If it is alleged you have committed this offence the risk of being arrested is high, but the chances of being charged with this offence are low, however, avoiding prosecution requires a robust evidence-based defence case to be built to undermine the allegations made. This can speed up the removal of restrictive bail conditions and have seized property such as mobile phones and computers returned.


There remains the risk of being charged with alternative overlapping offences such as harassment, social media, public order and communications offences. It is also plain that any evidence gathered in a prosecution investigation could also provide evidence to support an application for a Domestic Abuse Protection Order (DAPO), Restraining Order or Non-Molestation Order in favour of the victim.


Good legal advice is essential at an early stage. If you are accused of controlling or coercive behaviour Book an appointment or Contact me. ​

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Controlling or coercive behaviour explained

The definition of the law itself is incredibly wordy, it say that controlling or coercive behaviour occurs in an intimate or family relationship which causes someone to fear that violence will be used against them on at least two occasions; or causes them serious alarm or distress which has a substantial adverse effect on their usual day-to-day activities.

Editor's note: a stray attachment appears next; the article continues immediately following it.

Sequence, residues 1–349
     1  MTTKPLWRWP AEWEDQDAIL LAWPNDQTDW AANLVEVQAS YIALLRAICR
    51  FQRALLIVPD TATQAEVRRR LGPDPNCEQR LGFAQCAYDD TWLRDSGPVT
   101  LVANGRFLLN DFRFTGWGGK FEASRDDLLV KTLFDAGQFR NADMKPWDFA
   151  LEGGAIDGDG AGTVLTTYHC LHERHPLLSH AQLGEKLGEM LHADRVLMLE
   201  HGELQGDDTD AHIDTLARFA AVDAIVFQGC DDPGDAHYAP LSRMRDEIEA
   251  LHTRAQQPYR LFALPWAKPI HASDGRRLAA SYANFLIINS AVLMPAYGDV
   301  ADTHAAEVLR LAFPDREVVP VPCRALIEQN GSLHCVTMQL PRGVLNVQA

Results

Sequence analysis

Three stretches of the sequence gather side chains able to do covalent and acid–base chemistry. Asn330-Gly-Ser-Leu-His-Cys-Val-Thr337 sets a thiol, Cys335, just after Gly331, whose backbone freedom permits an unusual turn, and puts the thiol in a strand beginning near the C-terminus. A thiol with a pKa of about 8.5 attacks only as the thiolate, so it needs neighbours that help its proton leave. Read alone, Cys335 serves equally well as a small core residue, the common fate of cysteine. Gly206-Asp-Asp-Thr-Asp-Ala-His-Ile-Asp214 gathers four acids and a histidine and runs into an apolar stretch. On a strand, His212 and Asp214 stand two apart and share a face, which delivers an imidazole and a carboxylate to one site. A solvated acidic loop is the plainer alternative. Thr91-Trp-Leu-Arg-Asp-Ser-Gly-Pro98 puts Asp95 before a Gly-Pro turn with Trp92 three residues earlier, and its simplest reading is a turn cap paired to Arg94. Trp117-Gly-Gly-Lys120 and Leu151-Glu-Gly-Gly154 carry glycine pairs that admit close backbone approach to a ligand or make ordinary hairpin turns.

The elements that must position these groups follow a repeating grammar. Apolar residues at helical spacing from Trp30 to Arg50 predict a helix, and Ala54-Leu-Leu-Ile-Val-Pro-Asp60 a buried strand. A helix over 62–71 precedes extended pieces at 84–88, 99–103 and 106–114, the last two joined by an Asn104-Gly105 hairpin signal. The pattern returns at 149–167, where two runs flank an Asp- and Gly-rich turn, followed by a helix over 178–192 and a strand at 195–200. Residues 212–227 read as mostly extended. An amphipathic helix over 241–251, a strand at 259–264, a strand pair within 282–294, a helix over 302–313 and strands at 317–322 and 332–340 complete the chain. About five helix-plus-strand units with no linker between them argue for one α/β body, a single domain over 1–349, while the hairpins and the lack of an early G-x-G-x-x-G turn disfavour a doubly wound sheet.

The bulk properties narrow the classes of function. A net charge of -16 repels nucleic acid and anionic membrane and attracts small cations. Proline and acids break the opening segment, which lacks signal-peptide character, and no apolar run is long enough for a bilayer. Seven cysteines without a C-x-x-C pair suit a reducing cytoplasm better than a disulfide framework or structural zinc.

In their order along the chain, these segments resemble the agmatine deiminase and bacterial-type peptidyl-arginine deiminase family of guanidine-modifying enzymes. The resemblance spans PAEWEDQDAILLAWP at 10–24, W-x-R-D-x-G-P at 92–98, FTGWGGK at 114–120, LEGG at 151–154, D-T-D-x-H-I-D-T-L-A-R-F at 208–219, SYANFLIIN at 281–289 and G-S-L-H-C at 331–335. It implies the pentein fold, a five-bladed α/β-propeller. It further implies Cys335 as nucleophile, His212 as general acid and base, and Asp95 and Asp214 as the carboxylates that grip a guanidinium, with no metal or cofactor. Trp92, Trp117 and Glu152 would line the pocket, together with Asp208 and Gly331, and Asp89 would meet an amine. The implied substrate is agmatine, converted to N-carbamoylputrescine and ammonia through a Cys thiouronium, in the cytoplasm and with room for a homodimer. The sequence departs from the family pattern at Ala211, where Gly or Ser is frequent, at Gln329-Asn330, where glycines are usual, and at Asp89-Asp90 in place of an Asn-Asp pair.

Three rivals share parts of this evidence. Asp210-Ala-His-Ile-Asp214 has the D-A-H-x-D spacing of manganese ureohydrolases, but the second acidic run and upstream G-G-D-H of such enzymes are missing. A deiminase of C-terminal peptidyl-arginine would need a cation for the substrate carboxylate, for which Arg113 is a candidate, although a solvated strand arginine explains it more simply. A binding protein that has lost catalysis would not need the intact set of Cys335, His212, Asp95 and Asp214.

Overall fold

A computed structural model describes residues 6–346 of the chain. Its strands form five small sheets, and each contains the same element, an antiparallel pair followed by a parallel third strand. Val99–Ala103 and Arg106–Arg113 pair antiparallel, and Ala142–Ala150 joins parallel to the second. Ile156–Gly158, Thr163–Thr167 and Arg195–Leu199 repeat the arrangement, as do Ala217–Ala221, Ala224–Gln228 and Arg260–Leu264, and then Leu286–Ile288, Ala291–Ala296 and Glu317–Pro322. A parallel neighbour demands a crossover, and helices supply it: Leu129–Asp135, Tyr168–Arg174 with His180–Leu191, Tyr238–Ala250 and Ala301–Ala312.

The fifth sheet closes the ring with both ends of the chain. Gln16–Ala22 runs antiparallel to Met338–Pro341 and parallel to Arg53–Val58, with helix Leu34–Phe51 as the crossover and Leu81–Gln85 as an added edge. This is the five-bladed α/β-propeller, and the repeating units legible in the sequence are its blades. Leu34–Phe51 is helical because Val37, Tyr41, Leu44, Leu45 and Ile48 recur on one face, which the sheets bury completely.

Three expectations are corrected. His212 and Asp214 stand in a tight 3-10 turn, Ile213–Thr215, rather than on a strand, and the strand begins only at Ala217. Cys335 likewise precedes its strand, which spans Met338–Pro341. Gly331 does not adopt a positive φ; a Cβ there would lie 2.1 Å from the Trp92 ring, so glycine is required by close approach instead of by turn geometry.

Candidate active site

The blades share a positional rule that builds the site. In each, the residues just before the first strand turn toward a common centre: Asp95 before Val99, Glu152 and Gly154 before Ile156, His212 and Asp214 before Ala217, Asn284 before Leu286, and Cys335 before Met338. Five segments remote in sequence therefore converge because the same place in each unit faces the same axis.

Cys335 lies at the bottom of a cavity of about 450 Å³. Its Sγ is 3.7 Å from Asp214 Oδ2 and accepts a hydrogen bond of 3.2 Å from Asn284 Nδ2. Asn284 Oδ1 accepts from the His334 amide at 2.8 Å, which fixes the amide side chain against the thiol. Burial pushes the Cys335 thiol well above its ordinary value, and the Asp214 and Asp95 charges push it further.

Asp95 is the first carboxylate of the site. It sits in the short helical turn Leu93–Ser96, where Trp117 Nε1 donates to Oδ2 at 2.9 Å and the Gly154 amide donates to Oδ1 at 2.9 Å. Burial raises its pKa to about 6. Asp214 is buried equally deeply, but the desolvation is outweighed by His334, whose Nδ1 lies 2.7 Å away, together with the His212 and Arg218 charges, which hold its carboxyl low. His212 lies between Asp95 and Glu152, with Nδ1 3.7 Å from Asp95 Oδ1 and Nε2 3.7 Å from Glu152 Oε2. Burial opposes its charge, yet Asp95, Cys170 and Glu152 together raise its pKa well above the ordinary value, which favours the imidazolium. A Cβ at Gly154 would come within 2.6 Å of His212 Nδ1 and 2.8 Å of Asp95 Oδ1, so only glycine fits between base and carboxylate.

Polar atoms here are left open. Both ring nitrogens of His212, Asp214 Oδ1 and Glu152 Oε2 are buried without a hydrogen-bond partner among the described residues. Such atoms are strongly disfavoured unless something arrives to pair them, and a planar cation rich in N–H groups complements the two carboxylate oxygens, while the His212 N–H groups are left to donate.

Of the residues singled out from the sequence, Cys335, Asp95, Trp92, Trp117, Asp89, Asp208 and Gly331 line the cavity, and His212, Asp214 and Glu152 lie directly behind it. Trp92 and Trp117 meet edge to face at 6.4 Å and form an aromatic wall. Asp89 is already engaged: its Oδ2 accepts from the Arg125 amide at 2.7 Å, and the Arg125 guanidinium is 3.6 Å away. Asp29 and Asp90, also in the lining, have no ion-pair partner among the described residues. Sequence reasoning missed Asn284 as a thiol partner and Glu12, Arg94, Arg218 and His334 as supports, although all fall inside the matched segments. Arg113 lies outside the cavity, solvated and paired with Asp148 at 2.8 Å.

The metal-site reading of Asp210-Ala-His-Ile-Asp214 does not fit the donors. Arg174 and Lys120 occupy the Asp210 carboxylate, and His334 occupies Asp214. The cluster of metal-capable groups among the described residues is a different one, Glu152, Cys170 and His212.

Controlling or coercive behaviour is defined as:

  • Coercive behaviour is an act or a pattern of acts of assault, threats, humiliation and intimidation or other abuse that is used to harm, punish, or frighten their victim.


  • Controlling behaviour is a range of acts designed to make a person subordinate and/or dependent by isolating them from sources of support, exploiting their resources and capacities for personal gain, depriving them of the means needed for independence, resistance and escape and regulating their everyday behaviour.